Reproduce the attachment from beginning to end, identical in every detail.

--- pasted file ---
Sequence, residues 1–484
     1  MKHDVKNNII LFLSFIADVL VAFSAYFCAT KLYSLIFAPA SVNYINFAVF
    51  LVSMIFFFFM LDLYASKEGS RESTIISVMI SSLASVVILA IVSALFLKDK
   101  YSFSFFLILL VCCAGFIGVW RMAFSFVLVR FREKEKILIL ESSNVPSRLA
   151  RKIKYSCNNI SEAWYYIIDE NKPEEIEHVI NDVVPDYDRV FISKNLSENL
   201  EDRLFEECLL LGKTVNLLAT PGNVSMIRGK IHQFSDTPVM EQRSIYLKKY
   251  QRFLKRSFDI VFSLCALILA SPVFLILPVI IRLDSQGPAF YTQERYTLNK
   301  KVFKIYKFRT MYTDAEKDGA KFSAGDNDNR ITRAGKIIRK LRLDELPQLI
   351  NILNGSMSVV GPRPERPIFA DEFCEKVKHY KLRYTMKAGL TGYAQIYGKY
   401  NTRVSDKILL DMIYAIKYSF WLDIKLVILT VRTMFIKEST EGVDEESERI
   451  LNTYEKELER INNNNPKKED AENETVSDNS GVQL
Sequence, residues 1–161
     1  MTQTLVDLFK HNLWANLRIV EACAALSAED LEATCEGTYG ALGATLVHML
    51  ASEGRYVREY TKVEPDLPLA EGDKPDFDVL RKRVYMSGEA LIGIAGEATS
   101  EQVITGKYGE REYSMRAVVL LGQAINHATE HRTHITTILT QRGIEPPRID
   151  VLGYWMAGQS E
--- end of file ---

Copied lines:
Sequence, residues 1–484
     1  MKHDVKNNII LFLSFIADVL VAFSAYFCAT KLYSLIFAPA SVNYINFAVF
    51  LVSMIFFFFM LDLYASKEGS RESTIISVMI SSLASVVILA IVSALFLKDK
   101  YSFSFFLILL VCCAGFIGVW RMAFSFVLVR FREKEKILIL ESSNVPSRLA
   151  RKIKYSCNNI SEAWYYIIDE NKPEEIEHVI NDVVPDYDRV FISKNLSENL
   201  EDRLFEECLL LGKTVNLLAT PGNVSMIRGK IHQFSDTPVM EQRSIYLKKY
   251  QRFLKRSFDI VFSLCALILA SPVFLILPVI IRLDSQGPAF YTQERYTLNK
   301  KVFKIYKFRT MYTDAEKDGA KFSAGDNDNR ITRAGKIIRK LRLDELPQLI
   351  NILNGSMSVV GPRPERPIFA DEFCEKVKHY KLRYTMKAGL TGYAQIYGKY
   401  NTRVSDKILL DMIYAIKYSF WLDIKLVILT VRTMFIKEST EGVDEESERI
   451  LNTYEKELER INNNNPKKED AENETVSDNS GVQL
Sequence, residues 1–161
     1  MTQTLVDLFK HNLWANLRIV EACAALSAED LEATCEGTYG ALGATLVHML
    51  ASEGRYVREY TKVEPDLPLA EGDKPDFDVL RKRVYMSGEA LIGIAGEATS
   101  EQVITGKYGE REYSMRAVVL LGQAINHATE HRTHITTILT QRGIEPPRID
   151  VLGYWMAGQS E